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Healthcare charities strained as crisis worsens

Tough economic times have left many Americans uninsured and unable to pay for basic treatment. Growing numbers of those who rely on free clinics highlights the urgent problems faced by the public health system.

Non-profit volunteer groups like the Remote Area Medical (RAM) Volunteer Corps provide free health care, dental care, eye care and even veterinary services in makeshift clinics, such as in Union County High School in Maynardville, Tennessee.

Lately, however, it is not just the homeless who the volunteers attend to. Stan Brock, founder of RAM, says many social categories are in need of free medical care:

“I can honestly say it is not just the homeless, not just the unemployed, and not just the people at the poverty level. It is people three, four, five hundred percent of the poverty level.”

The main pressure on the free clinics is on the weekends. At 18:00 on a Friday when the medical aid units open, masses of people swarm the premises. Indeed, many of the patients used to be reasonably wealthy citizens, but the economy went down together with their income and health insurance.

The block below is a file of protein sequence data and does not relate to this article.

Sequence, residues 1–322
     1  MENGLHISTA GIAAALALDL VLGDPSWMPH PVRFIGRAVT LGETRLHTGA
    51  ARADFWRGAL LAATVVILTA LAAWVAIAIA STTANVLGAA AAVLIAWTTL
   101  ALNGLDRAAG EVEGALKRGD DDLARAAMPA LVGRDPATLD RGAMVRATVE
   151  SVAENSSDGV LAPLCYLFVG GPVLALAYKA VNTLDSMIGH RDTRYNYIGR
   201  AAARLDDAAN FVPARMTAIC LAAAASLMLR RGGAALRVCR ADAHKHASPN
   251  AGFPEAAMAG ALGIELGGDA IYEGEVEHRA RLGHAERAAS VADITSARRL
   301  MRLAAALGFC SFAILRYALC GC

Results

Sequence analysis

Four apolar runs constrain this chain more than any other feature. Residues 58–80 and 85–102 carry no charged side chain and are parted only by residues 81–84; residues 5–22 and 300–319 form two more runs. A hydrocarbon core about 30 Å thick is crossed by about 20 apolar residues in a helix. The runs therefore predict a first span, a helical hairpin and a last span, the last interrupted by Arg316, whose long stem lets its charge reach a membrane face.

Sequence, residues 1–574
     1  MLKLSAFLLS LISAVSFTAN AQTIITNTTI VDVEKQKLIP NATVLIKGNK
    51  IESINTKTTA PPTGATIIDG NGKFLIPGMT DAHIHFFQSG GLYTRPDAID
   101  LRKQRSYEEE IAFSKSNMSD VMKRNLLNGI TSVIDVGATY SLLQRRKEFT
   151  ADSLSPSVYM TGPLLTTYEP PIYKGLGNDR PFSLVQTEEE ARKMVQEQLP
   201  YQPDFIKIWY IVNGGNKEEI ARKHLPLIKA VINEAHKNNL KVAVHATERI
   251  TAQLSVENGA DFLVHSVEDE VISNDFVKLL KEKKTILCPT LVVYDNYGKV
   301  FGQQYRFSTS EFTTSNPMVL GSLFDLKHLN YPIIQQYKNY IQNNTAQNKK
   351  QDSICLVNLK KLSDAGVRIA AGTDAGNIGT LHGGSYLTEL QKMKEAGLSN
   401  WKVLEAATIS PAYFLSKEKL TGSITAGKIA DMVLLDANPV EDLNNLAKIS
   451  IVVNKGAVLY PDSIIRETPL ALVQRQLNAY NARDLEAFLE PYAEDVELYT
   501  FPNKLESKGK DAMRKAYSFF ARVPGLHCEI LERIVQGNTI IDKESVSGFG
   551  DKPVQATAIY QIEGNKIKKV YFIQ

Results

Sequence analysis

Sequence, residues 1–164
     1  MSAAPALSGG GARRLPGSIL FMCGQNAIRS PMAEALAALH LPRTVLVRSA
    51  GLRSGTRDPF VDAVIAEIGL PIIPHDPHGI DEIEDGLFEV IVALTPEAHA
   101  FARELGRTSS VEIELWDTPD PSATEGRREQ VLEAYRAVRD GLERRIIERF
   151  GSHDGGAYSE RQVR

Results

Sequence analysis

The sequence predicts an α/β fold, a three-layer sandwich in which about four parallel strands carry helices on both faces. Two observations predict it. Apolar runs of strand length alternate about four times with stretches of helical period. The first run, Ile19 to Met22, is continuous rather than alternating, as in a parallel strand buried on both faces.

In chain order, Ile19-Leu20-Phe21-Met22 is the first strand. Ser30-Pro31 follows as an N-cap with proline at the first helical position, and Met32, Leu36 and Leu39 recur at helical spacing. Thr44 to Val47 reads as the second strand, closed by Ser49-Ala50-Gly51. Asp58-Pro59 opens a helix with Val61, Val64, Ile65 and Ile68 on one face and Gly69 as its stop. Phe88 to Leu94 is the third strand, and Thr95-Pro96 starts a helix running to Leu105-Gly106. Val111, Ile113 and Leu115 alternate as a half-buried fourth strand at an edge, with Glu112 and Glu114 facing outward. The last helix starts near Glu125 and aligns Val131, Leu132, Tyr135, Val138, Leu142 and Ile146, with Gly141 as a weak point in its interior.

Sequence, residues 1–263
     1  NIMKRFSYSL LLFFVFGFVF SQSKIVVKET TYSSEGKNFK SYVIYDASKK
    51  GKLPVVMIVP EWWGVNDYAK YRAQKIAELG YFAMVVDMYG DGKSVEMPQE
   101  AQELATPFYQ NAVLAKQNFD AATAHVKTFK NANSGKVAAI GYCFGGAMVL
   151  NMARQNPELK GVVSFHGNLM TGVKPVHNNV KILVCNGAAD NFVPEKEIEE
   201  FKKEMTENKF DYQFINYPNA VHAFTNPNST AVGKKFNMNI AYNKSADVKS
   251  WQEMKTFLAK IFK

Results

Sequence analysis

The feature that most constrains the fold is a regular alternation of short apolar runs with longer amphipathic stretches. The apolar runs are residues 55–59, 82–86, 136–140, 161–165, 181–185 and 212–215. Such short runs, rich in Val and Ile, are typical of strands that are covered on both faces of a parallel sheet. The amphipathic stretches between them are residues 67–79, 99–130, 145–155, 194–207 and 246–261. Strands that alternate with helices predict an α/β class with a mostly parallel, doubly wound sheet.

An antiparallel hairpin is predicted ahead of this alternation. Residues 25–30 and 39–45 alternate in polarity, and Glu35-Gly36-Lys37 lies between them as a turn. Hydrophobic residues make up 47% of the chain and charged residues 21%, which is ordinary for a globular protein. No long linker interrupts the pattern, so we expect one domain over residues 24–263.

One such patient is Jennifer Rogers, who used to run a real estate office before the financial system crashed. She lost her office, and her health insurance, leaving her few options to tackle even basic problems, such as dental fillings.

“This [clinic is] the only thing I can do for dental care,” she told RT.

Several makeshift medical clinics have been set up all across the US, and thousands of people will travel for hundreds of miles just to sign up for the free medical aid provided by RAM.

Regrettably, a visit to one of these health centers is the only way for patients to discover their true health problems.

“We do have people come into [eye exam rooms] with undiagnosed diabetes, cataracts, glaucoma… a variety of different things,” says optometrist Charles Sanders, Jr.

Regardless of the vital treatment available, RAM says it is still not enough to tackle the increasing problem facing a recession-hit America.

“Pretty much everybody that comes in the door really needs to be seeing a medical doctor, whether it’s because of diabetes, or heart disease, or any other number of complaints,” concludes Stan Brock.

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